The Appellate Division found the challenge to the approval of a 150 foot tall wireless telecommunications tower had been rendered moot due to completion of construction. In the Matter of Buren v. Town Board of the Town of Kent, the Court found the Petitioner had failed to seek a temporary restraining order prior to the applicant’s completion of construction and therefore the appeal was moot.
Homeland Towers LLC. applied for permission to construct a 150 foot tall tower for wireless telecommunications. The Town Board granted approval and the Petitioner brought an Article 78 proceeding to appeal the approval. Thereafter, the lower court denied the Article 78 petition. Petitioner appealed the dismissal of the Article 78 proceeding to the Appellate Division. While the appeal was pending, Homeland Towers LLC. moved to dismiss the appeal as academic, in light of the fact that the tower had been completed while the litigation was pending. The Appellate Division deferred action on the motion until the appeal was heard.
In its decision the Court reviewed the status of the law on the question of mootness.
” ‘Typically, the doctrine of mootness is invoked where a change in circumstances prevents a court from rendering a decision that would effectively determine an actual controversy.’ Where the change in circumstances involves a construction project, we must consider how far the work has progressed towards completion … Because a race to completion cannot be determinative,’ however, other factors bear on mootness in this context as well. Chief among them has been a challenger’s failure to seek preliminary injunctive relief or otherwise preserve the status quo to prevent construction from commencing or continuing during the pendency of the litigation'” (Matter of Citineighbors Coalition of Historic Carnegie Hill v New York City Landmarks Preserv. Commn., 2 NY3d at 729, quoting Matter of Dreikhausen v Zoning Bd. of Appeals of City of Long Beach, 98 NY2d at 173). ‘Also significant are whether the work was undertaken without authority or in bad faith, and whether substantially completed work is readily undone, without undue hardship.’ Further, [courts] may elect to retain jurisdiction despite mootness if recurring novel or substantial issues are sufficiently evanescent to evade review otherwise’ (Matter of Citineighbors Coalition of Historic Carnegie Hill v New York City Landmarks Preserv. Commn., 2 NY3d at 729, quoting Matter of Dreikhausen v Zoning Bd. of Appeals of City of Long Beach, 98 NY2d at 173).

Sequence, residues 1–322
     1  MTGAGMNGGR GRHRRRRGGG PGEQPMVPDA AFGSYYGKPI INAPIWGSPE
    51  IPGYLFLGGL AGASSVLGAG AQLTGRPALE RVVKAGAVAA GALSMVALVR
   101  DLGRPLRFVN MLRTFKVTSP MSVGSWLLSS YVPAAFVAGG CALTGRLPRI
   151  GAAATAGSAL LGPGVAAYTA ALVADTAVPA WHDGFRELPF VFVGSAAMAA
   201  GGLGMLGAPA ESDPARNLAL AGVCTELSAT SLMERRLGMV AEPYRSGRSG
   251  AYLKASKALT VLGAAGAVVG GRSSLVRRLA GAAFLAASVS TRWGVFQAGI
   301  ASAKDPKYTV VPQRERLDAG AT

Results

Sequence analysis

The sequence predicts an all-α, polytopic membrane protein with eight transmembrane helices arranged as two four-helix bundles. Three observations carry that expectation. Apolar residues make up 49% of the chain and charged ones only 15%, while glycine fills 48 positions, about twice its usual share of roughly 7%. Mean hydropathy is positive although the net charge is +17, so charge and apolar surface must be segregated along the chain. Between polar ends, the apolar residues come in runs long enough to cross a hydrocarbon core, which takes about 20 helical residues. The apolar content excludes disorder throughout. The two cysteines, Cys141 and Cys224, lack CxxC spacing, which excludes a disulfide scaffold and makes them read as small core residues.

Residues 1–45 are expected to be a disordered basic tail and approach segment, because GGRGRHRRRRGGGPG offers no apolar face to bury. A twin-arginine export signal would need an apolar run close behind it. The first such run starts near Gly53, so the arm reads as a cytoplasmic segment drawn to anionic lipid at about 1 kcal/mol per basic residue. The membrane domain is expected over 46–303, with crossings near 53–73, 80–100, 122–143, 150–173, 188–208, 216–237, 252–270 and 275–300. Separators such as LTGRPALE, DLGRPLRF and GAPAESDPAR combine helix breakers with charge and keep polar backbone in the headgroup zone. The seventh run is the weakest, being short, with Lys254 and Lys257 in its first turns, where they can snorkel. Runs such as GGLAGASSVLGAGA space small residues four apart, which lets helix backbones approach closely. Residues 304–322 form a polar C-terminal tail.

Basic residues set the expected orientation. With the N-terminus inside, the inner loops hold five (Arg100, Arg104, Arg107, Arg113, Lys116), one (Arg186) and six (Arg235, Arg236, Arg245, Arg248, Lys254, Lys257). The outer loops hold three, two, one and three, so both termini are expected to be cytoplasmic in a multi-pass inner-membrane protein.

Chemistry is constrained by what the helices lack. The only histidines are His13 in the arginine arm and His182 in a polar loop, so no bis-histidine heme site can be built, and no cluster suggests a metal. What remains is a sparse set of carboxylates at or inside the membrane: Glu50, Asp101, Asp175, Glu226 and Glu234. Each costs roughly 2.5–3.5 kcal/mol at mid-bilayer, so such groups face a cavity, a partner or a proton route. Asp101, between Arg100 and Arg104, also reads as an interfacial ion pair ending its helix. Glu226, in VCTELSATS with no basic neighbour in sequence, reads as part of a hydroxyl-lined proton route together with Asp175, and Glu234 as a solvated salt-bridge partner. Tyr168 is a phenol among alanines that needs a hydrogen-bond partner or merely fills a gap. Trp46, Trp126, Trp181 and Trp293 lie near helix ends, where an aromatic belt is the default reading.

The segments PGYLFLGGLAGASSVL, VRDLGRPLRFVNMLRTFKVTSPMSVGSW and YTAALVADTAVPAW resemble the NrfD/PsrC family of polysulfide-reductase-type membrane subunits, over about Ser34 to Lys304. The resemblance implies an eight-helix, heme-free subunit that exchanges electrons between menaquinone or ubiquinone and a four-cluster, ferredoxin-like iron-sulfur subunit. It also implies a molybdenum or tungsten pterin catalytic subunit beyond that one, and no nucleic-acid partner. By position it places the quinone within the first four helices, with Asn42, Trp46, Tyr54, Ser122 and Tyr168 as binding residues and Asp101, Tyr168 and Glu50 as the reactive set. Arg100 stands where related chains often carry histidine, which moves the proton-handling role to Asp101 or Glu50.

Here, it is undisputed that the petitioners never moved in this Court pursuant to CPLR 5518 for a preliminary injunction pending appeal (see Matter of Yeshiva Gedolah Academy of Beth Aaron Synogogue v City of Long Beach, 118 AD3d 901, 902; Matter of Molloy v Fraser, 74 AD3d 1207, 1208). The petitioners’ explanation that they did not do so because of monetary constraints is unavailing under the circumstances of this case…. Further, Homeland established that the construction of the tower was not performed in bad faith or without authority, that the work could not be readily undone without substantial hardship, and that this appeal does not present any recurring novel or substantial issues that are sufficiently evanescent to evade review otherwise (see id. at 729; Matter of Dreikhausen v Zoning Bd. of Appeals of City of Long Beach, 98 NY2d at 172-173).”